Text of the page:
Skate park coming to Solana Beach

Skate park coming to Solana Beach
Plans are moving forward to build a skate park at La Colonia Park after an Oct. 9 event highlighted the need for such a facility. Courtesy photo

SOLANA BEACH — If all goes as planned Solana Beach could be home to the area’s next skateboarding park.

Council members at the Oct. 26 meeting unanimously agreed to allocate $300,000 from a surplus fund to move forward with that portion of a long-planned improvement project at La Colonia Park.

The need for such a facility was highlighted during an Oct. 9 onsite Skate for the Day event.

“As soon as the skaters in the neighborhood were aware of the event they started congregating and waiting for the setup of the skating area,” resident Lenore Dale wrote in an email to the city. “They couldn’t wait to skate safely and legally in Solana Beach.

“I loved seeing the skaters come together naturally because of their common interest,” she added. “Since we know it is going to happen, let’s get it done now.”

Dale said when her children were growing up they had no place close to skate and now her grandchildren are experiencing the same difficulty.

That sentiment was echoed by four youngsters who spoke at the Oct. 12 council meeting a few days after the event.

“On behalf of all the skateboarders in Solana Beach I would like to thank you for approving the plan for putting a skate park in La Colonia,” Jake Hernandez said. “We are always trying to skate there because we don’t have anywhere else to go besides Carmel Valley or Encinitas.

“We just want that skate park to be built there so that we can stay off the streets and have somewhere to go after school and not stay inside and stare at a TV screen all day,” he added. “We can actually go outside and do something.”

“It’d be really helpful to have a short trip to the closest, nearest skate park,” John Gonzales said. “It would be super good and we’re super grateful about all the plans.”

“I’ve been going down to La Colonia my whole life with my little brother and we’ve always wanted a skate park there,” Ben Haney said. “It’d be a great contribution to the community.”

“All my friends are looking forward to the new skate park and we really hope it gets to happen and we would go down there a lot,” his younger brother Donovan added.

In 2007, city officials began looking at ways to upgrade the Valley Avenue park and community center, which was built in the late 1970s.

Plans for a two-phase implementation were approved in 2008. The total estimated cost in 2010 was $4.6 million. Most of the money was to come from the city’s redevelopment agency, but Gov. Jerry Brown abolished those agencies in 2011 so the plans have been on hold since.

A few years ago a group of residents successfully lobbied the city to complete another planned element of the improvements — an honor courtyard for veterans that was revealed earlier this year — separately from the major project.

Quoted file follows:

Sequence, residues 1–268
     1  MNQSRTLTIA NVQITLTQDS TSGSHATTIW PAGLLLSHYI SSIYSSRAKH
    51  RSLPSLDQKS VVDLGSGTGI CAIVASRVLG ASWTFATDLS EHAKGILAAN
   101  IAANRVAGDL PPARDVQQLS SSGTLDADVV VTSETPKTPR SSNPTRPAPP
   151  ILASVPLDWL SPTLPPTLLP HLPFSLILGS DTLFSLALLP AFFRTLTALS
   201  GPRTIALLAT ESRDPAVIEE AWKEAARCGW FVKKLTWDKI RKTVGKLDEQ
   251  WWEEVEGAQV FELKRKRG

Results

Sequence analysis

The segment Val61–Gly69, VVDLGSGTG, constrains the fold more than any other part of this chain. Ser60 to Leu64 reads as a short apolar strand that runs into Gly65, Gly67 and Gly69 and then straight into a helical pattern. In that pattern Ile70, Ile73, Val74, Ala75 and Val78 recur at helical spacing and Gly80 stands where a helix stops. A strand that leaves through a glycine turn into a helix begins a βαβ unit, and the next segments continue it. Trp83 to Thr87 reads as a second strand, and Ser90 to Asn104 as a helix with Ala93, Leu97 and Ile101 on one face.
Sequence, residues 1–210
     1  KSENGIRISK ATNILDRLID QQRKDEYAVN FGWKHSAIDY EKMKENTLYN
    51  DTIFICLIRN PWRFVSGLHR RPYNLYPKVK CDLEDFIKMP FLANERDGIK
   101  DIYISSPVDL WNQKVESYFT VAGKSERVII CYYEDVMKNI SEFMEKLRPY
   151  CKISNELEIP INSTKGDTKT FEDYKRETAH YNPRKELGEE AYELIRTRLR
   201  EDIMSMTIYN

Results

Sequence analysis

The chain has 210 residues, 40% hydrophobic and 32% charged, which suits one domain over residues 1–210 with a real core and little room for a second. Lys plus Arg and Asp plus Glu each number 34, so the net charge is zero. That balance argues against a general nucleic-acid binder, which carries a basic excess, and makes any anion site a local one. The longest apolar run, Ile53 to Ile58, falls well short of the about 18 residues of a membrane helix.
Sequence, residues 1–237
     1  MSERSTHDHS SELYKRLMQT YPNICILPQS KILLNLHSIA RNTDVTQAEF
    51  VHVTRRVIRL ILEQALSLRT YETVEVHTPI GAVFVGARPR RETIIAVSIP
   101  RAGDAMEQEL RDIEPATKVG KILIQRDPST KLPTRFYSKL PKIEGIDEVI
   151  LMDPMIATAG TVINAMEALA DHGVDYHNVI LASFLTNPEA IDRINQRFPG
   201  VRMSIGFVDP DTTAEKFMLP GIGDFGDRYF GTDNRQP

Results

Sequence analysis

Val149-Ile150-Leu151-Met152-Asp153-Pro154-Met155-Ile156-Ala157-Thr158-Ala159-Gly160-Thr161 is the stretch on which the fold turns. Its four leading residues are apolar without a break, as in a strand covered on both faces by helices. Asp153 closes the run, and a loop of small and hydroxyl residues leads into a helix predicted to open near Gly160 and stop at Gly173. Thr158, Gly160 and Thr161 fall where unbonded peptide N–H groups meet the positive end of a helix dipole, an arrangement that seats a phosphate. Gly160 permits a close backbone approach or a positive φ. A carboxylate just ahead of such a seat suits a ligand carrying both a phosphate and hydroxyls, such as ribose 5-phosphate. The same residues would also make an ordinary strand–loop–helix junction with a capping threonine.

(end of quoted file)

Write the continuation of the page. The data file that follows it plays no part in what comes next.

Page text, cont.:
Now skateboarders are doing the same. The skate park was included in phase one of the upgrade plans.

The estimated cost for that portion in 2010 was $250,000. Done independently, minor changes would have to be made which, combined with today’s costs, put the updated price tag at about $500,000.

Additional funding has been provided by other organizations, including $5,000 from the Tony Hawk Foundation on behalf of the legendary local professional skateboarder.

The estimated 4,000 skate parks in the nation “have shown to be an effective deterrent to other less desirable activities while supporting healthy and habitual athletic recreation,” Alec Beck, the foundation’s programs director, wrote in a letter of support to the city.

“An investment in public recreation for young people helps establish active lifestyles early, when it is most important, and can lead to a lifetime of positive health impacts,” he added. “The outpouring of support at the recent skatepark event at La Colonia Park demonstrated not only a clear service need, but community advocacy in action as well,” he added.

The Surfing Madonna Beach Run has also pledged to donate $20,000. Another $1,000 was received from the Solana Beach Sunset 5K. The Oct. 9 event raised about $2,200 and $14,000 of unused redevelopment agency funding is available.

Fundraising will continue to make up the $158,000 shortfall.

Skateboarding is not currently allowed on any public property in Solana Beach.

“I think this is something great that we can do,” Councilwoman Lesa Heebner said.

“The kids need a place to go,” Councilwoman Ginger Marshall added.

The community center will also be upgraded, but at no cost to the city, thanks to work and materials being donated by McCarthy Building Companies, the contractor rebuilding nearby Earl Warren Middle School, and Studio E Architects.

The building is used for afterschool classes, dance classes, meetings and other activities, including MiraCosta College adult education classes.

Storage areas will be removed and the room will be expanded to accommodate a computer lab and classroom. The work will not interfere with future renovation plans.

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